a. Symphony No. 1 in B-flat Major (“Spring”); 1841: partly cyclic: slow movement epilogue (trombones) main theme of scherzo

b. Symphony No. 2 in C Major (composed 1845-46; published 1847) is more cyclic:
1. Brass theme in intro recurs in scherzo and finale
2. Main theme of slow movement becomes 2nd theme in finale (but minor to major)

c. Symphony No. 3 in E-flat Major (“Rhenish”); 1850: 5 movements

d. Symphony No. 4 in D Minor (composed 1841 as No. 2, but revised and published in 1851); All movements related: concise work based on germ-motives

The instrument: evolves in range, power, action, sustain
a. Escapement evolves, improving action (i.e., making fast repeated notes possible)
b. Pedals for sustain and muting (think expressive capabilities!)
c. Later 18th century: wing shape, 3 strings per note (allowing damper pedal mechanism), extended range, even faster action
d. More solid construction, more responsive instrument
What composers reacted and what did they do when the piano debuted?
Relevant composer/pianists take advantage of new capabilities and the business surrounding it:

In London:
a. Muzio Clementi: Italian who lived in London at end of 1700s
1. Pianist, composer, manufacturer, publisher
2. Style influenced Beethoven: in ornamentation, passagework, chromaticism, dense textures

b. Jan Dussek:
1. Bohemian working in London
2. Churned out 32 piano sonatas
3. Influenced Beethoven, Schubert, Liszt

In Russia:
John Field (1782-1837)
1. Irish by birth, lived in Russia most of his career
2. Sonatas, concertos, chamber music, but best known for nocturnes:
Nocturne is one of many fanciful titles for a piano miniature: small form, single movement “character piece”
1. Programmatic content
2. Not rigidly structured (that is, no strict sonata form)
3. Extremely expressive thru exploitation of piano’s new capabilities
4. Evocative of night (often described as dreamy, airy, broken chord accompaniment often)

From Bohemia: A whole herd: Tomasek, Hummel, Moscheles, Dussek, Czerny
a. Vaclav Tomasek:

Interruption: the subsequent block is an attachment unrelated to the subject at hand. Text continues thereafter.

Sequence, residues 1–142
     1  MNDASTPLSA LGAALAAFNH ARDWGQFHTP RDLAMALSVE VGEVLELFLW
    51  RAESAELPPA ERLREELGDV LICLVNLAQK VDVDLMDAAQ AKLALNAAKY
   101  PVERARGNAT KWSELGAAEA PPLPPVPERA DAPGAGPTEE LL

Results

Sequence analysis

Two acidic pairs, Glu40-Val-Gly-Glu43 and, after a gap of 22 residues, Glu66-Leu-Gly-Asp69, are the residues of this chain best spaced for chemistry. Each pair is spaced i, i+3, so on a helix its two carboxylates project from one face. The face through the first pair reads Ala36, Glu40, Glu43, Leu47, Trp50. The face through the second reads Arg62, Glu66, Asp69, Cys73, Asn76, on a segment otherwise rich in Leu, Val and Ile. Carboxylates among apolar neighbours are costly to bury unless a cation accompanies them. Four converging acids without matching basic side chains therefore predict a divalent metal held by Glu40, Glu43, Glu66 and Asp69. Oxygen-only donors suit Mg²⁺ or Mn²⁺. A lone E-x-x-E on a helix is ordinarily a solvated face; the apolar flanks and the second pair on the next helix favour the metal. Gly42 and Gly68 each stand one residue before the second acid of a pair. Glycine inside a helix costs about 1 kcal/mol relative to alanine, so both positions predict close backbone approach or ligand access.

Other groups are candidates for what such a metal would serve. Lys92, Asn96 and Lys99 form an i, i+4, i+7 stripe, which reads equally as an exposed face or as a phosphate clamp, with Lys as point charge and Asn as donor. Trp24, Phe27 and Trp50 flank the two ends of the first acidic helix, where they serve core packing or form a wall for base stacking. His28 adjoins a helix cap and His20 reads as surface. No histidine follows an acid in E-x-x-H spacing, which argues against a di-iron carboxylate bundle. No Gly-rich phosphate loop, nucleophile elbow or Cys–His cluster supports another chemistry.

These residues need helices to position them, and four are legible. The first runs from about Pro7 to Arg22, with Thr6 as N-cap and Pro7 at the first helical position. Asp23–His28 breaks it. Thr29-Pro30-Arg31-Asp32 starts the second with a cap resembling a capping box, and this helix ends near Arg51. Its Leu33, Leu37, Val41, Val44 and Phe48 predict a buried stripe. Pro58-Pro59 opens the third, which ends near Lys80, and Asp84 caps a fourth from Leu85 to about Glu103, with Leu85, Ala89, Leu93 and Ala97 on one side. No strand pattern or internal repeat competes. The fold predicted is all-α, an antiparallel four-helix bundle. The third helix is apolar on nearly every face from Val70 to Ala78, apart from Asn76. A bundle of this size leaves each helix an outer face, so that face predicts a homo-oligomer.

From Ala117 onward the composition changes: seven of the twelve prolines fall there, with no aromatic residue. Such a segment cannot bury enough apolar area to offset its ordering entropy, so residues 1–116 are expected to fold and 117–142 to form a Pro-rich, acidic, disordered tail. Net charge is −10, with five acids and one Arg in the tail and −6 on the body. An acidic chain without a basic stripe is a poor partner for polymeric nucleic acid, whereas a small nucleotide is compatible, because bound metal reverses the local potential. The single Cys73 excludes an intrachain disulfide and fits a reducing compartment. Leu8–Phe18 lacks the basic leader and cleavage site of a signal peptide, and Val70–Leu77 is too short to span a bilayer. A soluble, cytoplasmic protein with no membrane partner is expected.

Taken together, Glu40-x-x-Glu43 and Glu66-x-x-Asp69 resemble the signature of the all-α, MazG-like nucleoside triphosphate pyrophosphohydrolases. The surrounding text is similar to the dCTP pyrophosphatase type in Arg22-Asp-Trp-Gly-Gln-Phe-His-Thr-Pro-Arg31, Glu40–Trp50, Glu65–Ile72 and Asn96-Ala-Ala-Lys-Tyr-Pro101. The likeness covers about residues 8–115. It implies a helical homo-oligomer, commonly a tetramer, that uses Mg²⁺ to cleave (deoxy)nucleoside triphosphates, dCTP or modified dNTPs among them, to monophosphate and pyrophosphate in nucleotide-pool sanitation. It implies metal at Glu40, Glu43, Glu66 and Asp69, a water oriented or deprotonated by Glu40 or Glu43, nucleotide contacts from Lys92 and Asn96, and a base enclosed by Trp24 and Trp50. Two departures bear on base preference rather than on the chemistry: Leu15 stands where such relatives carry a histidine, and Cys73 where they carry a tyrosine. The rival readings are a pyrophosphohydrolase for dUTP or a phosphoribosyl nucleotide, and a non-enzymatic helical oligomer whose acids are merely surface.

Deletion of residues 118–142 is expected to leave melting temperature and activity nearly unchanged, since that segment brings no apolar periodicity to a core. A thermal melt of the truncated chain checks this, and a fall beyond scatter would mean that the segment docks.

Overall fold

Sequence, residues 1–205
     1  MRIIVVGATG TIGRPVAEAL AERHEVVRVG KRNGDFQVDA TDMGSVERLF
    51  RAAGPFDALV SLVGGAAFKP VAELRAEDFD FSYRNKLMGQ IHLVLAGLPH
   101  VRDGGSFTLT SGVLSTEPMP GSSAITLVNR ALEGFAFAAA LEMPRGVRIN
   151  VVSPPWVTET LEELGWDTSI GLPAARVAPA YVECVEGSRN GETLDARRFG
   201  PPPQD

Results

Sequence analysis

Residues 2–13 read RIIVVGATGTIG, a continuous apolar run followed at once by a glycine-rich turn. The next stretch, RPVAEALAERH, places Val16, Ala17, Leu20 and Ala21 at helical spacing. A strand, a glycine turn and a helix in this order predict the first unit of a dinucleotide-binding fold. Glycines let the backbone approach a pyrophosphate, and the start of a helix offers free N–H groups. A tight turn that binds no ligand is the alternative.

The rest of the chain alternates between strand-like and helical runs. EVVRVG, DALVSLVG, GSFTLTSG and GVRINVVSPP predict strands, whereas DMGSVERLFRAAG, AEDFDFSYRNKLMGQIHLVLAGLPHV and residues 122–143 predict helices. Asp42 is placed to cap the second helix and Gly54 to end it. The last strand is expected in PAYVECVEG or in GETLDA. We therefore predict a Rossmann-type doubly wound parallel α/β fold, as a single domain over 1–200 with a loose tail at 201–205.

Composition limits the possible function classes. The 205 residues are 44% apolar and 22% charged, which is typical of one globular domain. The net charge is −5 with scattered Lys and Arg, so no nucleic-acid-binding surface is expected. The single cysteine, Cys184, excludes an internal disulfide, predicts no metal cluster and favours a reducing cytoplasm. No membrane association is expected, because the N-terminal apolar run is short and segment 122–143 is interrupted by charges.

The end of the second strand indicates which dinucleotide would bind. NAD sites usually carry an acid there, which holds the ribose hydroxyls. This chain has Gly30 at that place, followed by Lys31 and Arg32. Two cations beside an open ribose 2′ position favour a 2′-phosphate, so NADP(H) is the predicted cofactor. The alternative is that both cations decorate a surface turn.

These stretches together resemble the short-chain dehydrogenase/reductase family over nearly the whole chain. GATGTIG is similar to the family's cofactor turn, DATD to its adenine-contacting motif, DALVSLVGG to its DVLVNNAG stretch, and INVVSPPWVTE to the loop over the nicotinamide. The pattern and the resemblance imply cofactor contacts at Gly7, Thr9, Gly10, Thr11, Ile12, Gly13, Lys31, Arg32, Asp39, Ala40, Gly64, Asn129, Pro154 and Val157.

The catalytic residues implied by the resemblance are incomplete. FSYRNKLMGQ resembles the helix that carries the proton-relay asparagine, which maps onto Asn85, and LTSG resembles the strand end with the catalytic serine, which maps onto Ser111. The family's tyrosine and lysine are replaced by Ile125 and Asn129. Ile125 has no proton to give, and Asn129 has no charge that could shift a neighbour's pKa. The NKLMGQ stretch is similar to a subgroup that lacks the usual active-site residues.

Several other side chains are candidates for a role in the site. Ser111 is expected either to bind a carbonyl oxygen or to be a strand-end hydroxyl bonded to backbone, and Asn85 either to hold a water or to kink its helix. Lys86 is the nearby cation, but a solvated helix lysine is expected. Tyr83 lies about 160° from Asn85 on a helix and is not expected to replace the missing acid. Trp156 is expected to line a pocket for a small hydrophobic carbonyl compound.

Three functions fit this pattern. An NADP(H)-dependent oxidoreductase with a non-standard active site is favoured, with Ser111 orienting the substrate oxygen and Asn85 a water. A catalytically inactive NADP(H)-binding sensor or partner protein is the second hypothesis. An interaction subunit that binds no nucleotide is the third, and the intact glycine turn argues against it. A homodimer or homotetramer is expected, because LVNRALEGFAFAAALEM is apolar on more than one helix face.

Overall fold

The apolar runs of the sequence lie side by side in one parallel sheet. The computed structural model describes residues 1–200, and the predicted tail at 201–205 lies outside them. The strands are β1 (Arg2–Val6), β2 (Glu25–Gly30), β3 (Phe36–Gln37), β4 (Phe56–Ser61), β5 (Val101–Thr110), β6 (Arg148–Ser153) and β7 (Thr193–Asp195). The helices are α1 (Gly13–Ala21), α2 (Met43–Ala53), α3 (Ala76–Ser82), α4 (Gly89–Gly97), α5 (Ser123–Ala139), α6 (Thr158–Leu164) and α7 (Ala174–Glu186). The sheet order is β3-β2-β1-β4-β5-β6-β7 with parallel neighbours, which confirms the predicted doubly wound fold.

1. Many fanciful pieces in free structures (eclogues, rhapsodies)
2. Light, enjoyable pieces, not too virtuosic (appeals to middle-class amateurs)

b. Johann Hummel:
1. Beethoven’s performance rival in Vienna
2. Playing style more conservative (delicate, restrained) than Beethoven’s
3. This style of playing and composing persisted thru Schubert, Mendelssoh, Chopin

c. Ignaz Moscheles:
1. Beethoven’s friend
2. Celebrated virtuoso but not a prolific composer

d. Carl Czerny:
1. Beethoven’s pupil (born in Vienna of Bohemian parentage)
2. Famous for pedagogy
3. Teacher of Liszt


Performed but rarely: didn’t enjoy large audiences
b. Moved in highest social circles
c. Earned living by teaching
d. Several love affairs over years: long-term partnership with novelist (Aurore Dudevant, known by pen name George Sand)
e. Focused compositional efforts on piano and wrote idiomatically for it
1. His music dependent on new technology
2. He exploited construction advances of instrument
f. Incorporates Polish dance rhythms into music
>Examples of nationalism in polonaise, Polish mazurka (Note: these are “stylized dances”)

Felix Mendelssohn
. Genuine child prodigy
2. Grandfather famous philosopher and Jewish theologian.
3. Famous as conductor, composer, and performer.
4. Directed Leipzig Gewandhaus Orchestra, founded conservatory
5. Interested in past: revived Bach’s St. Matthew Passion among other works
6. Revered just after his death, but becomes the object of ridicule by those who will take up the “progressive” stance in composition and by the Nazi party in 1930s and 1940s